"April is the cruellest month," wrote poetry whiz TS Eliot in his smash-hit 1922 blockbuster The Waste Land. The celebrity wordsmith hammered out a bunch of other choice catchphrases on his magic typewriter, aided by his patented TSE3000X Metaphor Machine, but, given that the American-born literature ace had lived in England for several years by the time he wrote his alleged masterpiece of modernism, his slamming of the fourth month of the year is evidence that the Nobel Gong For Scribbling winner should be shunned by all cricket fans.
His casual lambasting of the month that annually hosts both the beginning of the English season, and, now the financiocricketous megastorm that is the IPL, endear him to neither traditionalist supporters of the great game, nor to its newer T20-obsessed aficionados. The man was, quite clearly, an idiot.
Besides, the evidence of my April suggests that he was wrong. April is the busiest month, on the evidence of April 2013 in the Confectionery Stall household, with the result that my cricket-watching has been restricted to distressingly, unacceptably, minimal levels.
However, whilst I can offer even fewer pearls of wisdom on the IPL than I am usually able to at this time of year, I have communed with Statsguru - a far more reliable companion to the intricacies of the human condition than TS Eliot - and delved into the phenomenon of the Nervous Nineties, for an article in the second edition of the new Nightwatchman magazine, excerpts from whose excellent first edition you may well have read on ESPNcricinfo.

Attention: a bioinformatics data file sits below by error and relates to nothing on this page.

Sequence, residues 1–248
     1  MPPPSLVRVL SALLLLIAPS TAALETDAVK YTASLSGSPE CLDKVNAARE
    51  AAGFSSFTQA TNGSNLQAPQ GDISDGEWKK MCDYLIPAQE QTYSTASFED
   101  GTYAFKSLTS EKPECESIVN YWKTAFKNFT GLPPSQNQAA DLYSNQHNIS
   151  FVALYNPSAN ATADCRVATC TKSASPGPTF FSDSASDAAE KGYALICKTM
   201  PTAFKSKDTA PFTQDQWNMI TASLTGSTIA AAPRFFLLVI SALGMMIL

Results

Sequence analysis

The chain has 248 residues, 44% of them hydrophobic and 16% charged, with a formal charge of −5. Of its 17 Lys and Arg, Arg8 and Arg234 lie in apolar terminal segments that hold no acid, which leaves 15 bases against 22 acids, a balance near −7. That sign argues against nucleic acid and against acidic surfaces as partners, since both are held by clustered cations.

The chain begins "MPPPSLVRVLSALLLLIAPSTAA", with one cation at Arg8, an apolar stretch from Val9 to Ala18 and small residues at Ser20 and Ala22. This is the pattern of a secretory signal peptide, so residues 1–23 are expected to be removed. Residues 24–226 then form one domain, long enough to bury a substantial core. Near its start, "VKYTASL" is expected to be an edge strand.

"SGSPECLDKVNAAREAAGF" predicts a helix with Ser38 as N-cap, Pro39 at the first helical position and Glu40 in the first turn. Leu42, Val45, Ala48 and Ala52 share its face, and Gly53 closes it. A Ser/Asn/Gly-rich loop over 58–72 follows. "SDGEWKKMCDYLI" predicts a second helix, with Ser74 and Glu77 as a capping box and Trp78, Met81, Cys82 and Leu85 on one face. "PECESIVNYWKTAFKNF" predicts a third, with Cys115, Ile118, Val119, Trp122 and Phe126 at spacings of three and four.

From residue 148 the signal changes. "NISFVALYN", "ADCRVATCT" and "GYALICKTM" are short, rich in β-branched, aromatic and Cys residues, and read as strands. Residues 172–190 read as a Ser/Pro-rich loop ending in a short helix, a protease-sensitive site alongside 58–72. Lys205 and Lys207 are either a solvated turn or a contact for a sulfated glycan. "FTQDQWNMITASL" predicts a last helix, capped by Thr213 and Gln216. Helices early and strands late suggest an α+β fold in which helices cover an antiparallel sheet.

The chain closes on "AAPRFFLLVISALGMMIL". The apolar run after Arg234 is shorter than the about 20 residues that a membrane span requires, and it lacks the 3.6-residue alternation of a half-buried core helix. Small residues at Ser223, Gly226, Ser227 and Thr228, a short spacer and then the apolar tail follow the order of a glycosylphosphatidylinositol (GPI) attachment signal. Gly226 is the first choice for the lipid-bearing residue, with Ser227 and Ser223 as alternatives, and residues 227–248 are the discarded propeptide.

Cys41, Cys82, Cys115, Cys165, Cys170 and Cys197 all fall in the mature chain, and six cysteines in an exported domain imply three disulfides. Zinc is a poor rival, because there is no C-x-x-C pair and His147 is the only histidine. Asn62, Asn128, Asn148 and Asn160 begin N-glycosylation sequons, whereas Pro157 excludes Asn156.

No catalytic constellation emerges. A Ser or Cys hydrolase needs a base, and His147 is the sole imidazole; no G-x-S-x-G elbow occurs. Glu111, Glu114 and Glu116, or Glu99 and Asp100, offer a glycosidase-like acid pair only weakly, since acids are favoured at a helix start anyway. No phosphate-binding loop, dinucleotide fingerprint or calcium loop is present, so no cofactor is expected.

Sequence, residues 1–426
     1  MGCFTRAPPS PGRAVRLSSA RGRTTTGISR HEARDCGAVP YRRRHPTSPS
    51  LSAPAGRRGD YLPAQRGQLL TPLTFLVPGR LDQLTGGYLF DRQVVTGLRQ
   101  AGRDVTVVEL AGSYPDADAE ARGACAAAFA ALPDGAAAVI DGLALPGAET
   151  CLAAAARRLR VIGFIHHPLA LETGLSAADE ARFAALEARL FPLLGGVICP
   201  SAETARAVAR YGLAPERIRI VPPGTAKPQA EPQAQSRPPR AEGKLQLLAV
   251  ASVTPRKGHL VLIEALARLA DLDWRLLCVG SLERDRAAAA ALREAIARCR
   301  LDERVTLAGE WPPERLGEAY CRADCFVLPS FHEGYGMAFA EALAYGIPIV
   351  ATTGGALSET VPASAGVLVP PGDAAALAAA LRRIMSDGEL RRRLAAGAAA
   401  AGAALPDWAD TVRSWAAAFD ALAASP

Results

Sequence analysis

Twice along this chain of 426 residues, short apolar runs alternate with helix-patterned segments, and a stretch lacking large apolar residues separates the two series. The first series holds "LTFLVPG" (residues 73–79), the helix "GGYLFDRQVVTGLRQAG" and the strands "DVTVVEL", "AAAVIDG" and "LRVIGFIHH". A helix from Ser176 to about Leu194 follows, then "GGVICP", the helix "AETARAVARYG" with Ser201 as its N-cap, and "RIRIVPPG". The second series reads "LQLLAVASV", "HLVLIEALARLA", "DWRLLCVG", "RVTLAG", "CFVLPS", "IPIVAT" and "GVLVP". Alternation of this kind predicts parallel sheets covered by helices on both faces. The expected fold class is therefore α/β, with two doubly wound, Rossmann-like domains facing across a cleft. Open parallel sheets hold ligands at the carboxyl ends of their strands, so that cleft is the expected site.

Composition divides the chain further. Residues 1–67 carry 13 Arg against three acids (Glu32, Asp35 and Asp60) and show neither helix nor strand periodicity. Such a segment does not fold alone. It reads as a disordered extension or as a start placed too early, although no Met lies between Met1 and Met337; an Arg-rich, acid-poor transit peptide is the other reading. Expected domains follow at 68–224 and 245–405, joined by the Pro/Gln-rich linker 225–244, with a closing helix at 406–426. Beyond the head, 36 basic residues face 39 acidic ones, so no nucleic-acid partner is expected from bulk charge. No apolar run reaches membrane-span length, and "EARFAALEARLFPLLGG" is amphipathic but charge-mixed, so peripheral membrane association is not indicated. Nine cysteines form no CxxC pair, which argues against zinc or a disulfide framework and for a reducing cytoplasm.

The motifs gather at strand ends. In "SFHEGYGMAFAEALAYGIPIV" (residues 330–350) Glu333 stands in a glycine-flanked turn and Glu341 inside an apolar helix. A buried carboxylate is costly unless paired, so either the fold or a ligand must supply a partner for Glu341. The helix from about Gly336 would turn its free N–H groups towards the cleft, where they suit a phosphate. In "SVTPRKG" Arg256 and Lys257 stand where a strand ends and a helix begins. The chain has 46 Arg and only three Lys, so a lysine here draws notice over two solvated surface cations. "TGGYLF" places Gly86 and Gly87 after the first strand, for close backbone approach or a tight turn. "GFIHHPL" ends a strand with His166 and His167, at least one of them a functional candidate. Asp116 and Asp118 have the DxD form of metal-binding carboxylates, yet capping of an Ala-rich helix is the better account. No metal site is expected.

This delving reveals that the 1990s, in a blast of alarmingly irrelevant irony, were the second most nervous decade for Test batsmen in the 90s in the last 100 years - 19.1% of all batsmen reaching 90 in the '90s were out before reaching 100, beaten only by the oddly nervous 1960s (21.8%). This can perhaps be largely explained by the fact that the 1990s were a relatively difficult decade for batsmen in general, at all stages of their innings. Or perhaps it can be attributed to existential angst about the impending turn of the millennium and likely end of the world it would almost certainly bring. Or to an unease about the impact of the internet on the planet as a whole. Or to the lingering psychological effects of Thatcherism on global consciousness.
The blame for the tension felt by the world's batsmen when on the verge of three figures in the 1960s can be laid almost exclusively laid at the feet of The Permissive Society, the Cold War, and rock stars growing their hair too long. Any historian would tell you that, for the right fee.
The man who did more than anyone else to popularise the Nervous Nineties in Test cricket's early years was Australian legend Clem Hill. In the first 65 Tests played, over almost 25 years, a batsman had been out in the 90s only nine times (out of 71 scores of over 90). The highest of those scores, and the only time a batsman had been dismissed within four runs of his century, was when Hill was bowled for 96 at the SCG in 1897-98.
Then, in consecutive Tests at the MCG and Adelaide in January 1902, Hill scored the first ever 99, and, in the next Test, the first ever 98 and the first ever 97. In that Adelaide Test, England's Tom Hayward, clearly inspired by Hill's quite heroically modest refusal to secure personal glory, became the first player ever to be run out in the 90s, and the only one to suffer that fate until 1948.
Hill's pioneering work in the field of narrowly avoiding personal milestones was not finished. In 1910, he became the first man ever to be dismissed in the 190s, when dismissed for 191 against South Africa at the SCG. It would be 20 years before another player was out within ten of a double-century.